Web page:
UAW President Bob King disputes this retelling. He says many collaborative practices pioneered at Saturn were widely adopted by the UAW.
But to Bennett, the real test of what the union learned will come in Chattanooga. "Bob King has been saying for years that the UAW is a different union now," he said. "Volkswagen is going to be an opportunity to prove it."
Not everyone in Tennessee is inclined to wait and see. Among the skeptics is Gov. Bill Haslam, who says a unionized VW plant would make it harder to expand the auto industry's presence in Tennessee. "When we recruit other companies, that comes up every time," Haslam told the Nashville Tennessean editorial board last week.
A small Washington-based group called the Center for Worker Freedom, affiliated with anti-tax activist Grover Norquist, has rented 13 billboards in Chattanooga. Among the messages: "The UAW spends millions to elect liberal politicians including Barack Obama."
In an effort to tamp down outside influences, VW has halted factory tours and closed its property to anyone not there on official business.
VW, which opened the $1 billion Chattanooga plant in 2011 as an anchor of its U.S. growth strategy, started talks with the UAW as a way to bring American workers into a global "works council" without violating U.S. laws against company-run unions.
While some foreign-owned automakers bar union organizers from their plants, VW has let in UAW leaders like Gary Casteel, director of the union's Tennessee-based Region 8, who addressed hundreds of workers at the plant last Tuesday.
"Volkswagen Group of America and the UAW have agreed to this common path for the election," Frank Fischer, CEO of the Chattanooga plant, said in a statement last week. "Volkswagen is committed to neutrality."
King, who has staked his legacy on a victory in the South, sounded confident in an interview last week. The vote, he said, "will demonstrate that when workers have a free and open democratic choice, they're going to choose representation."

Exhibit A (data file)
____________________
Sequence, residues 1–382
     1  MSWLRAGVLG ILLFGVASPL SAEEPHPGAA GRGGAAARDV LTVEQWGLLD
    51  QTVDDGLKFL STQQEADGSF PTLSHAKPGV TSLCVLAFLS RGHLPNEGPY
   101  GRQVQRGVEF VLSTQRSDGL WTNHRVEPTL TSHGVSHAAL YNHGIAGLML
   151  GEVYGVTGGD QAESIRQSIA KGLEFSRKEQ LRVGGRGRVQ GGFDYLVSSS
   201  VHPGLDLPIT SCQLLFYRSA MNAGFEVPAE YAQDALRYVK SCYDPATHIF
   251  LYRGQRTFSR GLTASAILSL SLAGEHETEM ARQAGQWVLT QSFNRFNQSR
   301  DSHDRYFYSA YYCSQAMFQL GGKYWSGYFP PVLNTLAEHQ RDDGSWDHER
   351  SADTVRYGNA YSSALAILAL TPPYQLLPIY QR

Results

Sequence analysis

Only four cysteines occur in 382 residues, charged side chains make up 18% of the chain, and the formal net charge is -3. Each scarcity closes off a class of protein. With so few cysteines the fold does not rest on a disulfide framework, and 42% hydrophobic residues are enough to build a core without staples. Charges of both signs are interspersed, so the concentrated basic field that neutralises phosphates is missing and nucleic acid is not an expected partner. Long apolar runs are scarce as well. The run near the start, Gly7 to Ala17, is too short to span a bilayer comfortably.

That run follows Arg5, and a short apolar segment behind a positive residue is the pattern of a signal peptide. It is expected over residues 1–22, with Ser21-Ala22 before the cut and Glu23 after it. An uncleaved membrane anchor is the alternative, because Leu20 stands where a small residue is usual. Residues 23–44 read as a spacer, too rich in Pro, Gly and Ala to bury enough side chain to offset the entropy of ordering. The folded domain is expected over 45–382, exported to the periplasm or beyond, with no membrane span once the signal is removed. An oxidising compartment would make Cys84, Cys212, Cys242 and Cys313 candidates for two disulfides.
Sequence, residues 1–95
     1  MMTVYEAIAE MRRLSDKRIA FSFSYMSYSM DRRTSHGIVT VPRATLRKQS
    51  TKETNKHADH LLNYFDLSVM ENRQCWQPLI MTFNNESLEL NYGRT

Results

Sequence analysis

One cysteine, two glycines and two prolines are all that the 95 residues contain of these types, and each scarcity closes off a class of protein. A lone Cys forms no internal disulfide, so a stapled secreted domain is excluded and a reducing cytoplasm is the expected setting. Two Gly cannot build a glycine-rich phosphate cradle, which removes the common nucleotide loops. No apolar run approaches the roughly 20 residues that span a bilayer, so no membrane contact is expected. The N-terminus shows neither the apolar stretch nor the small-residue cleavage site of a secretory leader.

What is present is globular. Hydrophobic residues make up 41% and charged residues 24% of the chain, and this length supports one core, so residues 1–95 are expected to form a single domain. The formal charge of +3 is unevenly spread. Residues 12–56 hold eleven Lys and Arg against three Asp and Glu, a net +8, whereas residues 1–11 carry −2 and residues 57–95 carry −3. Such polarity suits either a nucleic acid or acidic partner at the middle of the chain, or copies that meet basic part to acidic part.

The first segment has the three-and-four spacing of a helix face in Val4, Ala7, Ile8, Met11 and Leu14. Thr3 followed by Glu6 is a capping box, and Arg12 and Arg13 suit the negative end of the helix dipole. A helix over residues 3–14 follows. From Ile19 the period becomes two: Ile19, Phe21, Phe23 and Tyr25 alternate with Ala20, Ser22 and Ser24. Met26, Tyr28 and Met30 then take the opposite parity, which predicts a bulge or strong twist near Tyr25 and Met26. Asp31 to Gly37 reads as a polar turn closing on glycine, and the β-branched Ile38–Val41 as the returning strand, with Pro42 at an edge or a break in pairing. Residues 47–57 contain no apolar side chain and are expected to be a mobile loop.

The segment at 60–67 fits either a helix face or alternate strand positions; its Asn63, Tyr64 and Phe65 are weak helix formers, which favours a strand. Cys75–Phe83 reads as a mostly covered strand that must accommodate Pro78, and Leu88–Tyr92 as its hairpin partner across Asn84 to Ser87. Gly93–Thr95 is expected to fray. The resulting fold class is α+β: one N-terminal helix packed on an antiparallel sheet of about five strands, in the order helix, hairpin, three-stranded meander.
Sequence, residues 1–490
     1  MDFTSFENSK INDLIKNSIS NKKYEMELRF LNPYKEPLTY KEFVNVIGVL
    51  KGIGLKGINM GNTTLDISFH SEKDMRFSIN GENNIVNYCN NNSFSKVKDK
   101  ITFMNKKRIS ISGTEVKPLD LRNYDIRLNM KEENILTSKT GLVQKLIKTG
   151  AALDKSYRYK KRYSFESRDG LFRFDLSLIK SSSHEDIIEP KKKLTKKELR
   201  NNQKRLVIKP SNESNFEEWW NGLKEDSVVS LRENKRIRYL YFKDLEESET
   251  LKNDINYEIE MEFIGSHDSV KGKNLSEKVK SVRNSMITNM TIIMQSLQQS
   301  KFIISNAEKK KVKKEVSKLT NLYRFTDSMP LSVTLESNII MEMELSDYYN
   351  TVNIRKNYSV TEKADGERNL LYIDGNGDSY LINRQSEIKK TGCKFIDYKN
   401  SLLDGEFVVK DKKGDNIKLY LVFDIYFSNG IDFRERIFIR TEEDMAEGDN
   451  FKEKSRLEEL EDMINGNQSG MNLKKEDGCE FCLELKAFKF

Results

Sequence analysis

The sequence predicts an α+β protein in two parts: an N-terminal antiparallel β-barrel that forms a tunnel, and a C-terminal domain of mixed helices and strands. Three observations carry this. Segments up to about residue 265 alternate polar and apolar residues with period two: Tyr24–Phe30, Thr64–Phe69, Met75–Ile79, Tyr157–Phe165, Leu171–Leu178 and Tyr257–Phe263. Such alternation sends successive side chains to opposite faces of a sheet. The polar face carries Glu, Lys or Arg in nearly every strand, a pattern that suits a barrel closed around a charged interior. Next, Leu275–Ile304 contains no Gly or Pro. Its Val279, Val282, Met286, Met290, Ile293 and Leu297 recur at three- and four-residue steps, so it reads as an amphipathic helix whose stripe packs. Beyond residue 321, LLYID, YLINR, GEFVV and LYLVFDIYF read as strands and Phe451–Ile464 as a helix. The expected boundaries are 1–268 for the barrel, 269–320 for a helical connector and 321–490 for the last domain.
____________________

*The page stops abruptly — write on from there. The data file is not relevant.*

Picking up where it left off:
Inside the plant, tensions have simmered between pro- and anti-union workers.
Paint shop employee Mike Burton is in the latter camp. He led a group that collected 600 workers' signatures on an anti-UAW petition submitted to management last year.
"Once we fall to this influence, then the others who have protected themselves and defended themselves against this for as much as 20 years" will be targeted next, said Burton, 56. "I don't want to be the one to let that break in the dike occur."
Eric DeLacy, who works two floors down from Burton fixing imperfections in paint jobs, says his experience after the Passat's 2011 launch made him a UAW supporter.
Early on, with Passat demand surging, managers added a shift and assigned overtime. DeLacy, 33, would sleep all day Sunday just to recover from a Saturday shift before returning to work Monday.
"Sixty hours a week is something you can do in short periods," DeLacy said. "But once it goes on too long, it kind of just wears you down."
DeLacy went to a UAW meeting around that time and became convinced workers needed a voice. He says a seat on the works council could help Chattanooga win more products, such as the new SUVs now in development.
"Closed mouths don't get fed," DeLacy said. "Without having a seat, you'd have to be just hoping that they'll decide to occasionally give you a new car."